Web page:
The Future of Cloning
Nuclear transfer, cloning, and stem cloning take huge parts in our expectations for the future of biotechnology and biomedical engineering. Many of the parts of cloning that now seem natural for scientists was completely unimaginable just a few years ago. The Red Cross has begun an extensive cloning project relating to the cloning of pigs to help organ donors. Some Agribiotech companies see cloning as a way to produce disease resist ant live stock. they also see it as a way to produce cattle with higher quality meat. Some genetically valuable animals like race horses con be reproduced when the baby the mother is reproducing is still born or sick. Some conservations want to use cloning to protect endangered species. That's a good idea because some animals are so rare that they couldn't save themselves on their own, for these species cloning may be their only hope for survival. Animals that do an important job in helping people such as, seeing eye dogs and search and rescue animals can be cloned. The average pet owner may want to clone a favorite pet for the next generation to enjoy. no matter what someone might want to do animal cloning knowledge is growing rapidly and the future certainly holds cloning opportunities that we couldn't even imagine today.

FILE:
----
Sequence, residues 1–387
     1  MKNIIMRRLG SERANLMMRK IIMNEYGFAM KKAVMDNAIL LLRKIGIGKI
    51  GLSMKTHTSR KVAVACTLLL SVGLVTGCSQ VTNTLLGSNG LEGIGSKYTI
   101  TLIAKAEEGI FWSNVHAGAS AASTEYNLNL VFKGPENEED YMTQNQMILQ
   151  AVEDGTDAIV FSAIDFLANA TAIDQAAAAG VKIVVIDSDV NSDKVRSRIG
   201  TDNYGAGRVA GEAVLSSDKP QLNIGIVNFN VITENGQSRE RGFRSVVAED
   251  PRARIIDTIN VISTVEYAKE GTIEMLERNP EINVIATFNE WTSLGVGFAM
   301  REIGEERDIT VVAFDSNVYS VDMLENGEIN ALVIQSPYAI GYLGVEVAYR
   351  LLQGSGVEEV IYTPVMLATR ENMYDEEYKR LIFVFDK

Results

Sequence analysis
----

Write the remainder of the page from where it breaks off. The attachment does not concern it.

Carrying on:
The ability to clone a cell's DNA is probably the most significant discovery of the 20th century. Whether cloning and its related areas of genetic engineering do things that we know about now or things that we have not yet imagined. All that we can do now is preserve genetic samples of our pets so that in the future when the original has died there can be another cloned.
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